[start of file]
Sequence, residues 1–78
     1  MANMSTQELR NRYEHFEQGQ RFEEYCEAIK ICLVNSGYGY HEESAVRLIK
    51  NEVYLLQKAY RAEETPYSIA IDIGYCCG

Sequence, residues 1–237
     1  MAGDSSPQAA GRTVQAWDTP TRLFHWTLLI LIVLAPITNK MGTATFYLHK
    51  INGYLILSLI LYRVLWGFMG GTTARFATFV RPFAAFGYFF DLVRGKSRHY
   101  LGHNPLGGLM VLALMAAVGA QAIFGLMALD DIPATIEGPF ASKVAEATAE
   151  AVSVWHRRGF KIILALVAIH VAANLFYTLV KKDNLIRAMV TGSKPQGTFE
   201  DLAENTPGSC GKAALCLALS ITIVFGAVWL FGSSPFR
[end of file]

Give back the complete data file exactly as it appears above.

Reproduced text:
Sequence, residues 1–78
     1  MANMSTQELR NRYEHFEQGQ RFEEYCEAIK ICLVNSGYGY HEESAVRLIK
    51  NEVYLLQKAY RAEETPYSIA IDIGYCCG

Sequence, residues 1–237
     1  MAGDSSPQAA GRTVQAWDTP TRLFHWTLLI LIVLAPITNK MGTATFYLHK
    51  INGYLILSLI LYRVLWGFMG GTTARFATFV RPFAAFGYFF DLVRGKSRHY
   101  LGHNPLGGLM VLALMAAVGA QAIFGLMALD DIPATIEGPF ASKVAEATAE
   151  AVSVWHRRGF KIILALVAIH VAANLFYTLV KKDNLIRAMV TGSKPQGTFE
   201  DLAENTPGSC GKAALCLALS ITIVFGAVWL FGSSPFR